Stevens stayed at the El Paisano Hotel as did the 300 plus members of the cast and crew who included: James Dean, Elizabeth Taylor, Rock Hudson, Sal Mineo, Chill Wills, Jane Withers among others. The hotel began to go into decline in the 1970s. El Paisano Properties Corp. bought the property in the late 1970s and converted the hotel's 65 rooms into 9 timeshare condominiums. Although 800 timeshare units were sold, the owners abandoned the business and Presidio County foreclosed on the property for back taxes. Joe and Lanna Duncan purchased the property at auction for $185,000 in March 2001. After three years of renovations, the hotel reopened with 33 rooms and suites available for the public. National Register of Historic Places listings in Presidio County, Texas

Zieria tenuis

Zieria tenuis is a plant in the citrus family Rutaceae and endemic to the northern inland of Queensland. It is an open, straggly shrub with wiry branches, three-part leaves and groups of nine to twelve flowers with four white or pinkish petals and four stamens, it is similar to Z. collina but has larger petals, to Z. cytisoides which has different leaf venation and differently shaped leaflets. Zieria tenuis is an open, straggly shrub which grows to a height of 1.5 m and has wiry branches covered with soft hairs. The leaves are composed of three oblong to narrow elliptic leaflets, the central leaflet one 9–32 mm long and 3–7 mm wide; the leaves have a petiole 5–18 mm long. The lower surface of the leaflets have raised veins and the upper surface is covered with minute, star-like hairs; the flowers are arranged in groups of nine to twelve in leaf axils, the groups shorter than the leaves. The groups are on a stalk 8–18 mm long and only about 0.5 mm wide. The flowers are surrounded by scale-like bracts 1 -- 3 mm long.

The sepals are triangular, about 1–2.5 mm long and 1 mm wide and the four petals are white or pinkish, elliptic to egg-shaped, about 2 mm long and 1 mm wide with star-like hairs on both surfaces. There are four stamens. Flowering occurs between April and July and is followed by fruits which are smooth, glabrous capsules about 3 mm long and 2 mm wide. Zieria tenuis was first formally described in 2007 by Marco Duretto and Paul Forster from a specimen collected from Agate Creek near Forsayth and the description was published in Austrobaileya; the specific epithet is a Latin word referring to the thin flower stalk. This zieria occurs near Forsayth and in the White Mountains National Park in the Desert Uplands and Einasleigh Uplands bioregions

Whatton-in-the-Vale

Whatton-in-the-Vale is an English village in the Nottinghamshire borough of Rushcliffe. It lies in the Vale of Belvoir, with the River Smite to the west and the River Whipling to the east north of the trunk A52 road, twelve miles east of Nottingham, it had a population of 843 at the 2011 census. The place name seems to contain the Old English word hwǣte for wheat, + tūn meaning an enclosure, a farmstead, a village, an estate, etc. so "Farm where wheat is grown." "In the Vale," i. e. the Vale of Belvoir. The place appears as Watone in the Domesday survey of 1086. Whatton Mill was a five-storey brick tower windmill built in 1820, it had four patent sails. Milling ceased in about 1916; the capless tower is now a listed building. The Anglican Church of St. John of Beverley is a Grade II* listed building dating from the 14th century, but extensively restored and rebuilt in the 19th century, it belongs to the Cranmer Group of parishes, with the churches at Aslockton, Orston and Thoroton. A service is held there once a month.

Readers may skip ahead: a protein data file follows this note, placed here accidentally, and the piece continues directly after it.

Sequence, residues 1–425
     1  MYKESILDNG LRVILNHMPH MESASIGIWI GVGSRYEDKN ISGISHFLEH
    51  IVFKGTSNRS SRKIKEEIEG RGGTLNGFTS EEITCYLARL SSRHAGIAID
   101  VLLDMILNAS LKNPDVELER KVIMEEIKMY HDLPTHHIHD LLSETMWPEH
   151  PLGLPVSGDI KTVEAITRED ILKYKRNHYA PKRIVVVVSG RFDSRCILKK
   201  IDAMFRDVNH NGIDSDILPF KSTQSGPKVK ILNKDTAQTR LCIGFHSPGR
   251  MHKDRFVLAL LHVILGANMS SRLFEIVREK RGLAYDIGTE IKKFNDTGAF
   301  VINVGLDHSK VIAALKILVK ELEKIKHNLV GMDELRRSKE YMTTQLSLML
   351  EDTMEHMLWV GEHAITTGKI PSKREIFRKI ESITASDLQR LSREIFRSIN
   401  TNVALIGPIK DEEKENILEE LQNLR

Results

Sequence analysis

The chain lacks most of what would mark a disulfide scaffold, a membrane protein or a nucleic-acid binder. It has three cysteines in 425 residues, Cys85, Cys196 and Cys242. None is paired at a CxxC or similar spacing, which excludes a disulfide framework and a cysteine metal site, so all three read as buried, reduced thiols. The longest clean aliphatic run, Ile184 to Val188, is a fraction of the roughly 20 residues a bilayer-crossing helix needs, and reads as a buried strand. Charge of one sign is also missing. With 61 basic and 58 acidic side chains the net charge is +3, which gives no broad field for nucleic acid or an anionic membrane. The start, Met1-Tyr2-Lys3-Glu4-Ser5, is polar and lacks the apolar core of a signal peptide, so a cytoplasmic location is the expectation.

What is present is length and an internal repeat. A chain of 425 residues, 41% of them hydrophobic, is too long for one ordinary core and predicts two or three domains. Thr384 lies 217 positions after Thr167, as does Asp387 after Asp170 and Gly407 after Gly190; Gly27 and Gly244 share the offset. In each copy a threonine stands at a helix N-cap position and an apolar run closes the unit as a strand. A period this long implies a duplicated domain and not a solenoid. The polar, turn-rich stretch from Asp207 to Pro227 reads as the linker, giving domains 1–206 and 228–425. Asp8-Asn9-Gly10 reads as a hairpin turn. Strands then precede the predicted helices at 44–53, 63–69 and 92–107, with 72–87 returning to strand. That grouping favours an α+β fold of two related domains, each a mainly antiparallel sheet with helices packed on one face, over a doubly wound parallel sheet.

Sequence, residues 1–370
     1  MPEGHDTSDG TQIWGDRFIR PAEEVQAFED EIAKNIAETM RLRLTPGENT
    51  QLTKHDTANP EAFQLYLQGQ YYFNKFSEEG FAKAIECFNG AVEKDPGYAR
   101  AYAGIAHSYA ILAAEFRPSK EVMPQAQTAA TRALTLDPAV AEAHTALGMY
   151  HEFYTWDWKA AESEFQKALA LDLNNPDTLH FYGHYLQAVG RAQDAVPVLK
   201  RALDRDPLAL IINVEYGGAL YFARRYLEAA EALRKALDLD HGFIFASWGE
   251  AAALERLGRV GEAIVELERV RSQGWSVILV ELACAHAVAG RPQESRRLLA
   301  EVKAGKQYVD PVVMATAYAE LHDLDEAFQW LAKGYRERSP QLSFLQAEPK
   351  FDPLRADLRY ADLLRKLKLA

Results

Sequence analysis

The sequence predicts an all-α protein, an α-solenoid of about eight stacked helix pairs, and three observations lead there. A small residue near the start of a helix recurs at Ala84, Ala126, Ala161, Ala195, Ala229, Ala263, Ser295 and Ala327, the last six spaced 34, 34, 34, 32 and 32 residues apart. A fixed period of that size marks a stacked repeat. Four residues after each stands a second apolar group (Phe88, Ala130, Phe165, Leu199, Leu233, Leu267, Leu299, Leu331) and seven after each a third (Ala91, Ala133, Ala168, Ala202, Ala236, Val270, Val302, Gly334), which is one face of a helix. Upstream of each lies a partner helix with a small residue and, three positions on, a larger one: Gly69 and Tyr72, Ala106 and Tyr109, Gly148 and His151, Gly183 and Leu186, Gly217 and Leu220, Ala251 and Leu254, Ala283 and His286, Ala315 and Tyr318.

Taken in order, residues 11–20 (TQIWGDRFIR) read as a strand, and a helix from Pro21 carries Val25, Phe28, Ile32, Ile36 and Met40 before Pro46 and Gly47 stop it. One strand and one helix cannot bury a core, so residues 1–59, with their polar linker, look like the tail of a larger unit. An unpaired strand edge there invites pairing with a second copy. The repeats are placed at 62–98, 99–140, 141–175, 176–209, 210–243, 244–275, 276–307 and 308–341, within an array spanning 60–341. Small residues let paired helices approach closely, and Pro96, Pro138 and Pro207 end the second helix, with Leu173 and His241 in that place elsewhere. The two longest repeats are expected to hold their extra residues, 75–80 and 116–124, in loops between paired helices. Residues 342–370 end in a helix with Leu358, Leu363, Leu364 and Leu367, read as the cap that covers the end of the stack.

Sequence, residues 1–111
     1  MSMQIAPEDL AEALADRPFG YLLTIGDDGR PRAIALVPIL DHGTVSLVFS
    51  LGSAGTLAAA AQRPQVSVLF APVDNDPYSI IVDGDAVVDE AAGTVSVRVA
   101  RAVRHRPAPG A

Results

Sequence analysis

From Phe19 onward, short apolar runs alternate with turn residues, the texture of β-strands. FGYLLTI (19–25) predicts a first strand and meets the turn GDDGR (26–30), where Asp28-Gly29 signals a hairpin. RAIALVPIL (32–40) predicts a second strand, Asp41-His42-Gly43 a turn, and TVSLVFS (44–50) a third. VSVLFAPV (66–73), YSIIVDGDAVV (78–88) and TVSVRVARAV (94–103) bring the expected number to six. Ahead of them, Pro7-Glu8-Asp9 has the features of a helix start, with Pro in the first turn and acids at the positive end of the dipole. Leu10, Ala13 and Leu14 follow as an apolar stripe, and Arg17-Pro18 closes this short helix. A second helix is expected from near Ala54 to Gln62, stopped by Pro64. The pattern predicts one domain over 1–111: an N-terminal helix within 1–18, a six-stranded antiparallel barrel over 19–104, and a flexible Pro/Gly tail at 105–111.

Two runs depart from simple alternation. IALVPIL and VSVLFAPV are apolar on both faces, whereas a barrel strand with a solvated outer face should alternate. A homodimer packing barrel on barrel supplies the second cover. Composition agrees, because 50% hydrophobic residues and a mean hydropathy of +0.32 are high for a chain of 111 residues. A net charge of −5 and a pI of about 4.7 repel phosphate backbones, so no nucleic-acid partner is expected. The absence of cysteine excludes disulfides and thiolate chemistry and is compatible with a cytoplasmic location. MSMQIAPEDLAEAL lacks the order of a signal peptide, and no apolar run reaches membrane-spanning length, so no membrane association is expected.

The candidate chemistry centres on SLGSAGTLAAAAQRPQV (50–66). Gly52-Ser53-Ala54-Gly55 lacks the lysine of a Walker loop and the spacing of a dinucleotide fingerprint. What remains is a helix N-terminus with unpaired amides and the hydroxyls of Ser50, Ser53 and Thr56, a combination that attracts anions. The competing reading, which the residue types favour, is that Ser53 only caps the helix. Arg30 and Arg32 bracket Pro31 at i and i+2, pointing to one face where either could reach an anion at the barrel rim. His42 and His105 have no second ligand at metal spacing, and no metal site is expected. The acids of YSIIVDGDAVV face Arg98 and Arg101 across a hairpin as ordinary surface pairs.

The population of Whatton was 306 in 1801, 399 in 1821, 388 in 1831. Whatton Manor estate, to the south of the village, was inherited in 1840 by Thomas Dickinson Hall, who built a substantial manor house there in "Elizabethan style"; the family financed church-building work in the district. The manor house and its grounds were sold in 1919 to Samuel Ernest Chesterman, who in turn sold them to William Goodacre Player, son of John Player of the cigarette manufacturers John Player & Sons); the manor building, by in poor condition, was demolished in the mid-1960s, but the original stables can still be seen from Manor Lane. They now house a stud farm; the village pub, the Griffin's Head, was replaced by private housing. Whatton was once a named telephone exchange for many villages, but the name gave way to a dialling code. Whatton belongs under Rushcliffe Borough Council. Since December 1919, the member of Parliament for the Rushcliffe constituency, to which Whatton belongs, is the Conservative Ruth Edwards.

Whatton is served by Aslockton railway station, less than a mile to the north of the village, which offers services to Skegness and beyond. Its daytime, weekday bus services run to Bingham, Newark-on-Trent and elsewhere. Whatton opened at the west end of the village in 1960 as a detention centre. Since 1990 it has been a Category C. Media related to Whatton-in-the-Vale at Wikimedia Commons Details of the conservation area GENUKI page Whatton-in-the-Vale Parish Council Whatton-in-the-Vale Local History